- Story Highlights
- A $20 Reward Helps People Lose Weight: People rewarded with $20 for meeting a 4 pound monthly weight loss goal were far more likely to lose significant amounts of weight than people given no such incentives.
- Financial Incentives and Rewards Increase Compliance: Even subjects who repeatedly failed to achieve their goals, and so had to pay a penalty each month, were more likely to stick with the program than subjects from the no-reward group.
Financial Incentives and Penalties Can Help People Stick with a Weight Loss Program and Lose More
Obese people rewarded with $20 for losing 4 pounds in a month were far more likely to lose significant weight than people given no such cash incentives.
It is incredible how a small cash incentive can help people achieve a goal they’d happily pay far more to achieve.
Reinforcement techniques are an effective, if controversial, technique known to increase the success of addiction treatment programs – for example, by rewarding the passing of drug tests with movie vouchers or restaurant gift certificates.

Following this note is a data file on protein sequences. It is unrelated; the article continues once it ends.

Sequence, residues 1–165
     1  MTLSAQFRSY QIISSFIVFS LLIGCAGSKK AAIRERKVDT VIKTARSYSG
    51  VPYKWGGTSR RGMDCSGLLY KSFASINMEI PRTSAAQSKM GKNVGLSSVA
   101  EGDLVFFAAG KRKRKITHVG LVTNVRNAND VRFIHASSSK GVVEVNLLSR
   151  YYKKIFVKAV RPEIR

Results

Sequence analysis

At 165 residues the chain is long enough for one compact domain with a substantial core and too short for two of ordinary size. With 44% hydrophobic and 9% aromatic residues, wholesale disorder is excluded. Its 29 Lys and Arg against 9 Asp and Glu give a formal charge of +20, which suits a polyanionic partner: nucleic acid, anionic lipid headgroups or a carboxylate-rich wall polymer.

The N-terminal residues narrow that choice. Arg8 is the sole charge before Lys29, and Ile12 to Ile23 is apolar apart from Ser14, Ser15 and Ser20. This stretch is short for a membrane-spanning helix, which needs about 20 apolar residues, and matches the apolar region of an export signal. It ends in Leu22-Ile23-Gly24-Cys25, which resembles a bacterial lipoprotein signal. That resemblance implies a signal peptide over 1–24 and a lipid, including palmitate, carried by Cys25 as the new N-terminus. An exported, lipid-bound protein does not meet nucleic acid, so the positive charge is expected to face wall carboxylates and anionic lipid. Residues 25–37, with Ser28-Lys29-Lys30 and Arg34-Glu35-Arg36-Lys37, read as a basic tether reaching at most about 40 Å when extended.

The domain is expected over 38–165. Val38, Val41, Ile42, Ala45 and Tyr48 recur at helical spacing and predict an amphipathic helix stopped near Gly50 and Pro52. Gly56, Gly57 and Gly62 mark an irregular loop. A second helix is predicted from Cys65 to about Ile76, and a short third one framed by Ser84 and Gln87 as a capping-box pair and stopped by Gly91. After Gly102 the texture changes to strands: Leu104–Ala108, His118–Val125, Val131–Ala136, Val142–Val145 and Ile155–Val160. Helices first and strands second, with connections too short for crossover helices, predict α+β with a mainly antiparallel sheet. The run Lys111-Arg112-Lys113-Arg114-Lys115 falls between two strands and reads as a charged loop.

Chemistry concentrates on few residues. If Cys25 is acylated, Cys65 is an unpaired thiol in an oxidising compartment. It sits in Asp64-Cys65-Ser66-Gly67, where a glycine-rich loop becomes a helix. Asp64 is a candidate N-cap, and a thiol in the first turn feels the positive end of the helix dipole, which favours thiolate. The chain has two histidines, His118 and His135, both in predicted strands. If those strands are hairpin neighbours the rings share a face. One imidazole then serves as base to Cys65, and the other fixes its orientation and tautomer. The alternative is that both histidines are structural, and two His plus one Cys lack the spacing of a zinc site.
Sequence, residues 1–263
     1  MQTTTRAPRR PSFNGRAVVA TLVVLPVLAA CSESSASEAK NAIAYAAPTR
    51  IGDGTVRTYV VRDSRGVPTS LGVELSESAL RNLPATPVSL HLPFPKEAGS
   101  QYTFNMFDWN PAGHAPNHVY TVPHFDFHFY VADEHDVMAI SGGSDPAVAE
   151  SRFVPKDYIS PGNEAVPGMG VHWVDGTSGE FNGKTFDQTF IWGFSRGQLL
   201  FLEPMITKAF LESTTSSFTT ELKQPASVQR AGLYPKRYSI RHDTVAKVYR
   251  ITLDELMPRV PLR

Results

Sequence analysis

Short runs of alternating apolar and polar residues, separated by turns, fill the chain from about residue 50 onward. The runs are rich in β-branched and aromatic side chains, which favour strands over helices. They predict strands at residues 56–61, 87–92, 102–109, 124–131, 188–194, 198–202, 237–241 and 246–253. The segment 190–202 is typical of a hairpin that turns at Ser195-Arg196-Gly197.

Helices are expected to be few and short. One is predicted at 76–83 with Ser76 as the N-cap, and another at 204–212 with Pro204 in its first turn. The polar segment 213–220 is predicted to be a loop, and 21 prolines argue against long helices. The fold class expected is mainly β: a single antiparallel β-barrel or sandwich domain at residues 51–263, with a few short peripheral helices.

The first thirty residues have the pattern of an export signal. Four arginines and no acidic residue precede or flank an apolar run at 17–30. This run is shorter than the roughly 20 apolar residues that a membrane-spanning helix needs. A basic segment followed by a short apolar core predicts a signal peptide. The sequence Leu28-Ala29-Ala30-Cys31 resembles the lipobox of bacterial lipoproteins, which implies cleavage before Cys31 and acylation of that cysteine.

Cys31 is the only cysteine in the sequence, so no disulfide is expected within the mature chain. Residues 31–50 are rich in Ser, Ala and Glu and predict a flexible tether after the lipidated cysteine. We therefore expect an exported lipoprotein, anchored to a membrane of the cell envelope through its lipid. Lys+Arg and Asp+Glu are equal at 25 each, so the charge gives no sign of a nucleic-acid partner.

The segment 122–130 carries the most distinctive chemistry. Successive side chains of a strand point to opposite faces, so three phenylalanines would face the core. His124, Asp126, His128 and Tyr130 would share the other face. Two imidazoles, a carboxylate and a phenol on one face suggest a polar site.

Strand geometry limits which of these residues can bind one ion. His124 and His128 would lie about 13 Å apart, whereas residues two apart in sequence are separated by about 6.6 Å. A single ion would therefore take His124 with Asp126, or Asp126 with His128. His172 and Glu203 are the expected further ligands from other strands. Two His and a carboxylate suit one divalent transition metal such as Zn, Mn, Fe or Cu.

Well it turns out the same principle holds true for people enrolled in weight loss programs – in a study at the Mayo Clinic, participants who got a $20 reward for meeting weight loss targets each month were far more likely to lose weight than people who received no such incentives.
A group of obese Mayo Clinic employees agreed to participate in a 1 year weight loss program study.
Half of the participants were told they’d get a $20 reward for each month they achieved a 4 pound weight loss (up to a target weight) but they’d have to pay a $20 penalty for each month they failed to lose at least 4 pounds.
The other half of the participants received no financial rewards or penalties.
62% of participants in the financial reward group achieved their target weight, compared to just 26% of those in the no-reward group.
Participants in the financial reward group lost an average of 9.08 pounds compared to just 2.34 pounds lost by those in the no-reward group.
Participants in the incentive group were more likely to continue on with the program. Surprisingly, even participants who paid the $20 failure penalty each month were more likely to stay enrolled than people in the no incentive group.
Lead study author Steven Driver, M.D. commented on the significance of the findings, saying, "The take-home message is that sustained weight loss can be achieved by financial incentives. The financial incentives can improve results, and improve compliance and adherence."